The combined insight from studying AMPs across the tree of life and the adaptive evolution of AMPs will inform their application and the understanding of AMPs in their natural context.

In nature, AMPs are highly diverse, with most AMPs (more than 1000) described in Amphibia. They are released as synergistic cocktails in vivo. In vitro studies found that synergies are frequent and that other traits of AMPs result in a low probability of resistance evolution compared with conventional antibiotics.



Antimicrobial peptides (AMPs) are essential components of immune defenses of multicellular organisms and are currently in development as anti-infective drugs. AMPs have been classically assumed to have broad-spectrum activity and simple kinetics, but recent evidence suggests an unexpected degree of specificity and a high capacity for synergies. Deeper evaluation of the molecular evolution and population genetics of AMP genes reveals more evidence for adaptive maintenance of polymorphism in AMP genes than has previously been appreciated, as well as adaptive loss of AMP activity. AMPs exhibit pharmacodynamic properties that reduce the evolution of resistance in target microbes, and AMPs may synergize with one another and with conventional antibiotics. Both of these properties make AMPs attractive for translational applications. However, if AMPs are to be used clinically, it is crucial to understand their natural biology in order to lessen the risk of collateral harm and avoid the crisis of resistance now facing conventional antibiotics.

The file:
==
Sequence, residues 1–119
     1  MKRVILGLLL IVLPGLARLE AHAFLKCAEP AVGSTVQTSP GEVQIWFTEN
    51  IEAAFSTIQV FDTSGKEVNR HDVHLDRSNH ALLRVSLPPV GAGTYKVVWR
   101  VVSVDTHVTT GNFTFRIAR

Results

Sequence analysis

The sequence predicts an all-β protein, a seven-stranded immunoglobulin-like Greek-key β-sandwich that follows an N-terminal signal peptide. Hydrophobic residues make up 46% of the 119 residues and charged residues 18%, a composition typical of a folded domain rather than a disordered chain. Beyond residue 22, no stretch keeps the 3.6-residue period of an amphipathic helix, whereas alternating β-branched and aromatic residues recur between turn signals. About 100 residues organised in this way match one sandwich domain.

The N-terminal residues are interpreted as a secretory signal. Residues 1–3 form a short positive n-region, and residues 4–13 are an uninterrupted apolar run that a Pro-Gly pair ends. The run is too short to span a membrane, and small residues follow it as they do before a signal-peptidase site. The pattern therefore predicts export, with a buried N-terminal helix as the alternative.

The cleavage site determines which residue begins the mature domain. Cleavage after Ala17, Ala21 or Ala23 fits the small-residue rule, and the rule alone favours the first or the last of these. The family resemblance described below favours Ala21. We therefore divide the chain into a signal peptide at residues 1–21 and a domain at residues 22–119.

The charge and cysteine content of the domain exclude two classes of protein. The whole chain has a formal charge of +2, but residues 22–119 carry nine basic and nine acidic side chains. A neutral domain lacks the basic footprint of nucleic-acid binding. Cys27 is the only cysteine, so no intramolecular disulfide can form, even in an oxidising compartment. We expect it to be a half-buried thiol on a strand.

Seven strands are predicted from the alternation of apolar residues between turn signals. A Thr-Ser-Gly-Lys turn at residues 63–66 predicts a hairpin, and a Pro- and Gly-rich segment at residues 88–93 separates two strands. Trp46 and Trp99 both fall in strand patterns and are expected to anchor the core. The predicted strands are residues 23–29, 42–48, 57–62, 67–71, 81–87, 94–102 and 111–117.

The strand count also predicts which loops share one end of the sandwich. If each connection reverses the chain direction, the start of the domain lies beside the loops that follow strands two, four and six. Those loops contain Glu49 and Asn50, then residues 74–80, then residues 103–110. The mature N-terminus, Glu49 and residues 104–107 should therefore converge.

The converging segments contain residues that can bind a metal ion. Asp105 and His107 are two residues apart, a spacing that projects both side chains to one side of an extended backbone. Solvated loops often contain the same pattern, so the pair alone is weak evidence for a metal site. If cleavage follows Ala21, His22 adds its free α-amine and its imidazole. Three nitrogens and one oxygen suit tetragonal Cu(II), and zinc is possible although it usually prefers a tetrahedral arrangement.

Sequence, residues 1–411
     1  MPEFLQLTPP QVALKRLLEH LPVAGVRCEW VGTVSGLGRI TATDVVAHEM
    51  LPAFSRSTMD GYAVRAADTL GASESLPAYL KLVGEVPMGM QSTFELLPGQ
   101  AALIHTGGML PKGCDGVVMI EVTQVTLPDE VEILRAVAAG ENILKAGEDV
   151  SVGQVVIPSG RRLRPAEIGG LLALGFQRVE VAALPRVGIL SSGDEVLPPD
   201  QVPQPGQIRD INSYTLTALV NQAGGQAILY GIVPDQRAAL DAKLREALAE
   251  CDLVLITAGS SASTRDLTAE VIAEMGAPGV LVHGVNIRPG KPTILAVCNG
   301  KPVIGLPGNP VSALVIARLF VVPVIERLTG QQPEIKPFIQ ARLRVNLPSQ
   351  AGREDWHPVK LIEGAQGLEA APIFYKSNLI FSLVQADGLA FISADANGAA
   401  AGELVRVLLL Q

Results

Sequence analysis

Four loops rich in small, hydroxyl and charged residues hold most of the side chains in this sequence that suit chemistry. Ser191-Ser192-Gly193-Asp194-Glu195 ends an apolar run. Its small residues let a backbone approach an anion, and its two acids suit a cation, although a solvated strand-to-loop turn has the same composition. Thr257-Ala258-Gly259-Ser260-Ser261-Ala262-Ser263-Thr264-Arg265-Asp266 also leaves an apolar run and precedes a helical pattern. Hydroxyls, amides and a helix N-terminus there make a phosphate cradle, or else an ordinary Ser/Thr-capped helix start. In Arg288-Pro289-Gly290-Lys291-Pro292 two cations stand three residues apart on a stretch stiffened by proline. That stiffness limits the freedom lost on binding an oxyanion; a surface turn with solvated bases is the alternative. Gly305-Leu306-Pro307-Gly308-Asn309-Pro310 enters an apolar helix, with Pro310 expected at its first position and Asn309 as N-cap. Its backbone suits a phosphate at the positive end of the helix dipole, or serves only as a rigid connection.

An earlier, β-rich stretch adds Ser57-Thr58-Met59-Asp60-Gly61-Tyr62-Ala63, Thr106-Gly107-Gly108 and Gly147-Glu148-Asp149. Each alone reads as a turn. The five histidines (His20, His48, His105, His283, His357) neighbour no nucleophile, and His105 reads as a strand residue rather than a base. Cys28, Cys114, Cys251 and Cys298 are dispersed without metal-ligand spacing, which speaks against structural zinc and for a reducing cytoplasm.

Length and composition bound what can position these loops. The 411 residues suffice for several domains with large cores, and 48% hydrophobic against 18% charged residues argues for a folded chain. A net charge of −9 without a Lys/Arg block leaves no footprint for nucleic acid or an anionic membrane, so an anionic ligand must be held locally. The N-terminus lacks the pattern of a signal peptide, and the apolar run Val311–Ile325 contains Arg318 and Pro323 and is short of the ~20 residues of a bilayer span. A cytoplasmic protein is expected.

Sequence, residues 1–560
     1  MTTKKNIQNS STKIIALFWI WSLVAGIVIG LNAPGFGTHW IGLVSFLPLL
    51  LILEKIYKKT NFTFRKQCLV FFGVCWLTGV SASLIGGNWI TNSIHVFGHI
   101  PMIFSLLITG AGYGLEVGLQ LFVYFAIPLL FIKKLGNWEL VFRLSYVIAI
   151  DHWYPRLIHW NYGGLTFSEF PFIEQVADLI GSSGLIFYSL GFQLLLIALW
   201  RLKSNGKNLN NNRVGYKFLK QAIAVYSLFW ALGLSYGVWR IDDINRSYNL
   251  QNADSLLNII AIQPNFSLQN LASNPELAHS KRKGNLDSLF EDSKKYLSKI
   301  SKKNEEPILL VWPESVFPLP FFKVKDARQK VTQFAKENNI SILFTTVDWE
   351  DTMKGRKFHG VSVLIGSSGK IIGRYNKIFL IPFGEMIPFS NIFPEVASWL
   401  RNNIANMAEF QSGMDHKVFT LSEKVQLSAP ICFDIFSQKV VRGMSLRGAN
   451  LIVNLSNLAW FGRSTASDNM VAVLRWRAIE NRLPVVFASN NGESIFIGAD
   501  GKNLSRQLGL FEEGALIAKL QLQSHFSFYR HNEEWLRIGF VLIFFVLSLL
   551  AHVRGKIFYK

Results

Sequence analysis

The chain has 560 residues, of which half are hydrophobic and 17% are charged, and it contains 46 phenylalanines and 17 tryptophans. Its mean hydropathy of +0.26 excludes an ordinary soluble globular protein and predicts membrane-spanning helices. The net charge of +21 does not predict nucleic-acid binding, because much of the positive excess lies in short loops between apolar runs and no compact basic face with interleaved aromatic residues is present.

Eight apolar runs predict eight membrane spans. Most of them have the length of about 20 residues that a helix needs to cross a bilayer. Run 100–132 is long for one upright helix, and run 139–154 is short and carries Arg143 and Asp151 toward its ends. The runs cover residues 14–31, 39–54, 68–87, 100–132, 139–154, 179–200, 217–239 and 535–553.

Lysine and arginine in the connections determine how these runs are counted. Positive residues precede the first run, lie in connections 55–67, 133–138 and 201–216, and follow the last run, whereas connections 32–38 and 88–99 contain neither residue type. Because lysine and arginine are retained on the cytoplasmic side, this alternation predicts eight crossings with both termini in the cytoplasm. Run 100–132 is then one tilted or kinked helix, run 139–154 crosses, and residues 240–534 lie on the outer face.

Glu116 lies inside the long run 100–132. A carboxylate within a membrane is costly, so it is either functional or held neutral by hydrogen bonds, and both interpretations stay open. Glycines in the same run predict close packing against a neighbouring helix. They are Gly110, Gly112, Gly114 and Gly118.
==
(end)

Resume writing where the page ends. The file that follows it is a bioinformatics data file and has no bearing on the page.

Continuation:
Antimicrobial peptides (AMPs) are small proteins with antibacterial, antiviral, and antifungal activity. Sometimes referred to as “host-defense peptides,” AMPs are ubiquitous in the epithelial barriers and systemic induced defenses of multicellular eukaryotes (1). They are highly diverse within and across species, with most plant and animal genomes encoding 5 to 10 distinct AMP gene families that range in size from one to more than 15 paralogous genes. The diversity and potency of AMPs make them attractive targets for development as antimicrobial drugs (2) and surface antiseptics (3), and dozens of AMPs are currently being evaluated in clinical trials (4). More than 3100 AMPs have been described from varied plant and animal sources (5), diversified by rapid evolution between species as aptly illustrated by the diversity of AMPs in the most speciose groups of animals, the insects [several AMP families are specific to particular insect orders (6)].